From the late 19th century well into the 20th century, prominent socialites boarded trains and summered in the rolling hills of the Berkshires.
These wealthy families built grand estates on dozens of acreage, and while their homes were called “Berkshire cottages,” the square footage made them anything but.
Now one of those grand cottages is for sale.
Built in 1915, Villa Virginia at 3 Ice Glen Road in Stockbridge sits on 58-plus acres. Listed for $10 million, this example of “Mediterranean Renaissance Revival architecture” features 13 bedrooms; 15 bathrooms (including a three-bedroom, three-bath carriage house); marble floors, columns, staircases, and fireplaces; and 7,703 square feet of living space.
“This is a really elegant property that’s supposed to be a replica of a villa in Italy,” the listing broker, Patrice Melluzzo of William Pitt Sotheby’s International Realty, said in an interview with Boston.com.
The Mediterranean feel is present throughout the home, with arched doorways and coffered ceilings believed to have been painted by an Italian artist. In the main living room, or “salon,” Melluzzo said, each square of the coffered ceiling is hand-painted with a cherub. There’s also a loggia, or a summer room, with many windows. There the ceiling is painted with zodiac symbols.
“They’re all hand-painted, and they’ve been restored to their original glory,” she said.
No major changes have been made to the home’s design, but the kitchen has been modernized and other parts of the home have been updated, according to Melluzzo.
Originally owned by William H. Clarke and his wife, Virginia Vilas Clarke, the home was operated as a farm, according to information Melluzzo obtained from the Stockbridge Library Historical Collection. The home is said to be one of the last of the Berkshire cottages ever built during their popularity — from 1880 until just after World War I.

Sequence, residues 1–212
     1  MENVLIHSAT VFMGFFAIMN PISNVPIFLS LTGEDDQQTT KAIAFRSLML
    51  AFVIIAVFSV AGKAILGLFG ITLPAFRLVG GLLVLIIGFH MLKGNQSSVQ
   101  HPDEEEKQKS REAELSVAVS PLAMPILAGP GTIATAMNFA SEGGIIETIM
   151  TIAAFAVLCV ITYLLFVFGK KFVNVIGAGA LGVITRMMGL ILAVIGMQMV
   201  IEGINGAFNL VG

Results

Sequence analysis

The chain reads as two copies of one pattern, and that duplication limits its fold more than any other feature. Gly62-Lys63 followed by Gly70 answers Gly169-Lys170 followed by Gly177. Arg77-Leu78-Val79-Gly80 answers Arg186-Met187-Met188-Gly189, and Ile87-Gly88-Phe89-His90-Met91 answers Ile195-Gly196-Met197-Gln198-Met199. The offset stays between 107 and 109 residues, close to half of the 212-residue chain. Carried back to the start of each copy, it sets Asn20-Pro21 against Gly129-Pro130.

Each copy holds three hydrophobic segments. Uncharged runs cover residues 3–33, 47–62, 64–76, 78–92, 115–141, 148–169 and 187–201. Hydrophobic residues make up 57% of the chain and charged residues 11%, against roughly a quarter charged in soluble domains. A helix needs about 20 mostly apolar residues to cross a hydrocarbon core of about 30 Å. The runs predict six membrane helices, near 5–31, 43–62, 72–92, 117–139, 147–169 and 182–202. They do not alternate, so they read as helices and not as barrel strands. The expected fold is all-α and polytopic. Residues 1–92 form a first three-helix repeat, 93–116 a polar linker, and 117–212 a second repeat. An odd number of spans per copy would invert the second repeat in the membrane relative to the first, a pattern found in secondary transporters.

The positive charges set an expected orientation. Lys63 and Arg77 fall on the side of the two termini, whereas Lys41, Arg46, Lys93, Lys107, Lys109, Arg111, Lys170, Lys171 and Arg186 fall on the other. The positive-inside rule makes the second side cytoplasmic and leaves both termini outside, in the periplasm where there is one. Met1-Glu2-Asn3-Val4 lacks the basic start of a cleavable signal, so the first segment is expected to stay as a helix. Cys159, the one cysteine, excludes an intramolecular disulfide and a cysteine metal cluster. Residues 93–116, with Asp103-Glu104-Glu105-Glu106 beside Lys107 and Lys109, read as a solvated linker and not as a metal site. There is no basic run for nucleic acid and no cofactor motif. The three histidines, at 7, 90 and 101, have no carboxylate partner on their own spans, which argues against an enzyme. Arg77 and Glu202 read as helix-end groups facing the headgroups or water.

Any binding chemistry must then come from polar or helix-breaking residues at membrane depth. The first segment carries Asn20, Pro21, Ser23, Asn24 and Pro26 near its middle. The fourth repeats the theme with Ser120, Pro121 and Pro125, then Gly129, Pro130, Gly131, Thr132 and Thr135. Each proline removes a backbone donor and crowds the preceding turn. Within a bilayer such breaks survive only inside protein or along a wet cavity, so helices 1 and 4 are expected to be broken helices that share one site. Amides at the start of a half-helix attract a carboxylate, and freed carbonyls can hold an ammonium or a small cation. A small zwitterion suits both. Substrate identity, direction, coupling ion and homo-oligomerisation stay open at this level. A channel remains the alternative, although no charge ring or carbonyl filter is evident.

The height of the Berkshire cottage
It was about 150 years ago that train access made it much easier for families to make their way out of New York City or Boston — it was only two hours from either city to the Berkshires, according to Mark Wilson, a curator of collections and cultural resources manager at the Trustees of Reservations, a nonprofit that owns and maintains Naumkeag,a 44-room Berkshire cottage. The estate was gifted to the organization in 1958; it remains fully preserved, including its furnishings.
During the height of their popularity, there were more than 70 Berkshire cottages, and celebrities of the day made their way there — well-knowns like Andrew Carnegie and George Westinghouse. There’s also Ventfort Hall, the home built for J.P. Morgan’s sister, Sarah.
“The Berkshires were always cooler and green, and there’s hiking and swimming and all those wonderful activities,” Wilson said.
The area was a haven for writers and artists because of its calming ruralness, but vacationers still had access to communication, including newspapers. “It always had a strong literary and cultural quality to it,” Wilson said.
Those summering there could go berry picking and could buy furniture from neighboring Shaker communities.
“All things in the way of what people do on vacation today, but without cars,” Wilson said. “It was much quieter without cars.”
But as it happens in many families, interests change and later generations find that they do not want to maintain the home their parents built. Some properties burned down, others became schools. Some were sold, Wilson said.
Villa Virginia changed hands over the years, according to the historical data, and was even inherited and owned for a time by Princess Diana Rockwood Eristavi, who had married a Russian prince. The current owner has had it since the 1990s, Melluzzo said, and it’s now available for its next era.
“It’s actually a large home, but it has a very cozy feel to it,” Melluzzo said.
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